Road Fury

1978 Chrysler Fury Magazine Commercial

A few days ago I received a text from my daughter: “I drove myself home!” 
My daughter just recently earned her drivers license and drove herself home from college for the first time. She sounded so happy! For various reasons she didn’t get her license until her second year of college. Now, a whole time zone away from me, she is driving. I wished I was there to help her celebrate!

In my home growing up, dad was the designated driving instructor. He was well qualified for two reasons. 1- Experience. At different parts of his life he had many driving jobs such as milkman, ambulance driver, and mailman, and 2- he was dad. Throughout the seasons dad taught me how to drive in rainy weather, mud, snow, high winds and ice. Living in the Pacific Northwest these are important skills to have. You could experience all those road conditions in one outing.

I couldn’t wait to drive!  The first weekend I had my learners permit, I begged my dad to take me driving. He chose to give me lessons in our family’s used metallic green 78′ Plymouth Fury. It was 1983 but the Fury was retro before retro. This “boat on wheels” was bad ass! It had a killer stereo and could fit at least seven to eight people in it, six with seat belts, two could sit comfortably on the back floor; the leg room was outrageous. My brother and I often joked we could carry livestock in it!  My ego was being fed by the shovel full as my hand reached down to adjust the massive 6 foot long front seat forward so I could reach the pedals. I was pretty positive the seat had never been that far forward. I felt invincible in that tank!

On that first day, permit in hand, dad taught me a lesson I’ll never forget. As we approached a sharp right turn behind a strip mall off Highway 99, my overconfidence got the best of me. A mischievous grin stretched ear to ear across my face when I read the yellow arrow sign “SLOW 25 mph”. I took my foot off the gas and let the cars momentum slow itself down from 35 to 25 in less than a block, cranking the wheel to the right once the speedometer hit “25 mph.” The large chrome “bumper-o-fury” crossed the solid yellow line into on-coming traffic, just missing another car. I was proud of myself, and my stunt driver type moves, but I was the only one who was.

Now my dad was a quiet man, full of patience. There were few times growing up when I saw him get angry or yell, just a few, but when he did the heavens shook!


The sound waves of his shouting reverberated through my bones, out the left side of my body and out  the Fury’s door, my long black hair blowing straight back in the invisible waves!  The steel door vibrated at such a frequency, amplifying each word to unnatural levels that I imagined all insects, small mammals and children under 10 within line of sight of that sound wave instantly dropped to the ground unconscious, stunned!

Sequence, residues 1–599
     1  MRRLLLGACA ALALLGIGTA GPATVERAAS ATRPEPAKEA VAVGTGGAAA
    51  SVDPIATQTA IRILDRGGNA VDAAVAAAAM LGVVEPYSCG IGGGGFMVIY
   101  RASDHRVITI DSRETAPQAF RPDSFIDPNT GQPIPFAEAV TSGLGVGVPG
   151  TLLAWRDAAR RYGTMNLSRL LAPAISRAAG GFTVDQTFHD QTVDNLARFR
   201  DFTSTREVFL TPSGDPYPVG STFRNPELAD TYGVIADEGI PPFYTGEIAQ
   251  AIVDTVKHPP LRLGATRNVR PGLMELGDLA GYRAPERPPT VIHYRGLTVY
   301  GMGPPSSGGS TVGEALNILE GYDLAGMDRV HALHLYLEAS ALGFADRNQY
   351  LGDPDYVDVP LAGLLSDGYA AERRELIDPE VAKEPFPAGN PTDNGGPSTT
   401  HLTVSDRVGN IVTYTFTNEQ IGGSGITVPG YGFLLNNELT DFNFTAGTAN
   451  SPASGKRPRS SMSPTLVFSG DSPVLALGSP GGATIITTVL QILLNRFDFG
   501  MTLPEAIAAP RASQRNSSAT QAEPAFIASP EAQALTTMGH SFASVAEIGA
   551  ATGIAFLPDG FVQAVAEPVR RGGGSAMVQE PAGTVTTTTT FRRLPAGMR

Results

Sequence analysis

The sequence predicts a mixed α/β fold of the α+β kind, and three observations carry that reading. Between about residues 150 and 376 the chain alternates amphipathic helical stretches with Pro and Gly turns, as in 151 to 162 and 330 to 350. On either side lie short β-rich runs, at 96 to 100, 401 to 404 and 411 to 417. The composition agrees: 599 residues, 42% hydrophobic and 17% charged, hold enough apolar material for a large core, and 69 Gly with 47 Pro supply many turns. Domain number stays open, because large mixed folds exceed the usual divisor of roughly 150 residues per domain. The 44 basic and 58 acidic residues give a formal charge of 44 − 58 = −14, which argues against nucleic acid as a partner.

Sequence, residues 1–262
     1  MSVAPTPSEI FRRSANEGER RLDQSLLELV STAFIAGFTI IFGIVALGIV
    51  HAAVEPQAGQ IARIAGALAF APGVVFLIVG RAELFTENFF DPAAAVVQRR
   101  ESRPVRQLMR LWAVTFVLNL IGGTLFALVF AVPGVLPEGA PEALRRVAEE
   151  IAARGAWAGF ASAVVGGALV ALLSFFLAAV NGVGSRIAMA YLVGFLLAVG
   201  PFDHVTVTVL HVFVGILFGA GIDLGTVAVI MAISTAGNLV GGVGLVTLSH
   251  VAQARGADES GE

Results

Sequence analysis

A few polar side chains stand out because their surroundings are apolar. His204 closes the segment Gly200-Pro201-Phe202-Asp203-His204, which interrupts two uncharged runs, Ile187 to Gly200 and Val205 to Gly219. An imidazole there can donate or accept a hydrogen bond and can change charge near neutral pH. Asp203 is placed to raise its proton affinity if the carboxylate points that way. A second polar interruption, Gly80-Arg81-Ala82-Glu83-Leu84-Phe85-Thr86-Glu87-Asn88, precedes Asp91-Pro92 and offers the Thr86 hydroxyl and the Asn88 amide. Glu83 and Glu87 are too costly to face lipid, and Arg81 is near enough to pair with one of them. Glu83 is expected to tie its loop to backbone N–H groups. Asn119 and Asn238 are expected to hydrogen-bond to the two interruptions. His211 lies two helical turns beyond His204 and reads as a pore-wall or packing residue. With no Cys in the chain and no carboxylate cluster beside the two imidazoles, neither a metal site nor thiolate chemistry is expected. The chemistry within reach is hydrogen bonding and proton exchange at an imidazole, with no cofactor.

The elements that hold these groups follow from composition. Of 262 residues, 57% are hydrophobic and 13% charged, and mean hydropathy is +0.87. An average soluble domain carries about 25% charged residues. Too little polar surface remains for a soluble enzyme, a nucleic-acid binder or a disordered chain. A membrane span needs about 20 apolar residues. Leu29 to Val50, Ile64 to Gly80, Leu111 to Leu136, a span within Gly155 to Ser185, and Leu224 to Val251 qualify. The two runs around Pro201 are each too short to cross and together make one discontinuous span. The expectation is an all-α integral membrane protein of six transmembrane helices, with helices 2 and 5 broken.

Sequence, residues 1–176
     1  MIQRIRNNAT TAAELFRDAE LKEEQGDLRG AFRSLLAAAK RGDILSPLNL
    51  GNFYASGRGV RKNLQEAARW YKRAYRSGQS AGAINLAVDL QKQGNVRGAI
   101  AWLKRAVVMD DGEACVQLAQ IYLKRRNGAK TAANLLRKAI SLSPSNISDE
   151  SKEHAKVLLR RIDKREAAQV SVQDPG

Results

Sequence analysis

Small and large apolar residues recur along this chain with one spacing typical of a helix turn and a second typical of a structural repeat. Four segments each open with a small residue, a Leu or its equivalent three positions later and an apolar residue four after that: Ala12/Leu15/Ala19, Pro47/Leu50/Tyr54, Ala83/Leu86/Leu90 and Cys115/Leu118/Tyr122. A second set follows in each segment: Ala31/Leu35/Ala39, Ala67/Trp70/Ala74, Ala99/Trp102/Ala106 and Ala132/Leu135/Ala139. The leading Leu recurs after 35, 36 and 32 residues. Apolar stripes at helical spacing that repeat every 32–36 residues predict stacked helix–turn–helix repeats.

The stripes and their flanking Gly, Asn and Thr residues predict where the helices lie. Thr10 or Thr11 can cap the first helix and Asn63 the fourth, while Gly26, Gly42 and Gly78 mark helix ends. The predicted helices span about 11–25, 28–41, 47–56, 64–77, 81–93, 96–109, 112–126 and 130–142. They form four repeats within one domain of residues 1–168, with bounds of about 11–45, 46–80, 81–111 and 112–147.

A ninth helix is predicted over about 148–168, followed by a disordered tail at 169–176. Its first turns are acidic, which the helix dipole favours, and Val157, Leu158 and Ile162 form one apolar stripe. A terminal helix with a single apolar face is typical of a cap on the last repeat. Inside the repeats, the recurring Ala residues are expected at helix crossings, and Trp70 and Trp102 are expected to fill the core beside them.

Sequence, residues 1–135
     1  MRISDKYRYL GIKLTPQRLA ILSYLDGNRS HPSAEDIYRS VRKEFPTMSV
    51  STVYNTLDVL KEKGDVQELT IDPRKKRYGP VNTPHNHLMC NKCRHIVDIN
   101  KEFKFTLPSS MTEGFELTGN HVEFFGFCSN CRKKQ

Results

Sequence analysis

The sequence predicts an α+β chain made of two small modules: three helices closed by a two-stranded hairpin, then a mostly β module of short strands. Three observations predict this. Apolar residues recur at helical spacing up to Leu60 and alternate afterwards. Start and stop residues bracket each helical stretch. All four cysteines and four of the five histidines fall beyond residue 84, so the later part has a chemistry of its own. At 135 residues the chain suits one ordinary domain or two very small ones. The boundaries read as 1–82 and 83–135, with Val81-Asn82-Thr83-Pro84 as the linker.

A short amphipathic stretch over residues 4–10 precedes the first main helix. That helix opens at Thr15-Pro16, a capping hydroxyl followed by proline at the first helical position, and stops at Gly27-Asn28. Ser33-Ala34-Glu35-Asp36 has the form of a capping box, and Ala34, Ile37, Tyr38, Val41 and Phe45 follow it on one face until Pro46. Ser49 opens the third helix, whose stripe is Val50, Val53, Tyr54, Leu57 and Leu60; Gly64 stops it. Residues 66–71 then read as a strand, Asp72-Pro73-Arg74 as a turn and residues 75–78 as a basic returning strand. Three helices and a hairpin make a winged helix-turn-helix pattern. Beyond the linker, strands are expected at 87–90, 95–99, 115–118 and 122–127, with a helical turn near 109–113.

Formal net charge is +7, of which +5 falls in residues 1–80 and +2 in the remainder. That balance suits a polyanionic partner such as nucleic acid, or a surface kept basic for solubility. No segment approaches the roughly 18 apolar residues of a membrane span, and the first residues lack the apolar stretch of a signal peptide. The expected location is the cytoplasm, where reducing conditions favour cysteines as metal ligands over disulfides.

After I pulled over into the library parking lot per instructions, dad’s lecture put the fear of God in me and the seriousness of my actions were made clear. Being the driver of a vehicle is a privilege not a right, and this privilege comes with responsibility. It wasn’t a ride at a fair.

My daughter learned how to drive through a drivers class at college. She did it all herself. I’d have to guess that they talk about statistics and gave a ten point lecture on how to drive defensively. I’m sure she is going to make a fine driver, but I must confess, when the roads get hairy and I’m surrounded by idiot drivers, the first thing I think about is respect.  Respect for the rules of the road as I drive my 4000 pounds of metal and the other drivers sitting in theirs.  Without that things could get… well… furious!

Published by Shannon Laws

Like my writing? Want to hear me read my poetry? Please visit and download some today. Only $1.00 a poem! Shannon Laws is a Pacific Northwest poet. Her story-telling poetry has touched many hearts and minds. She is the author of four poetry books, the most recent “Fallen” published by Independent Writer’s Studio Press. Shannon has received two Mayor’s Arts Awards and the Community Champion Award for promoting local artists on community radio and encouraging peace and understanding through community poetry events. She makes her home in Bellingham, Washington, USA.

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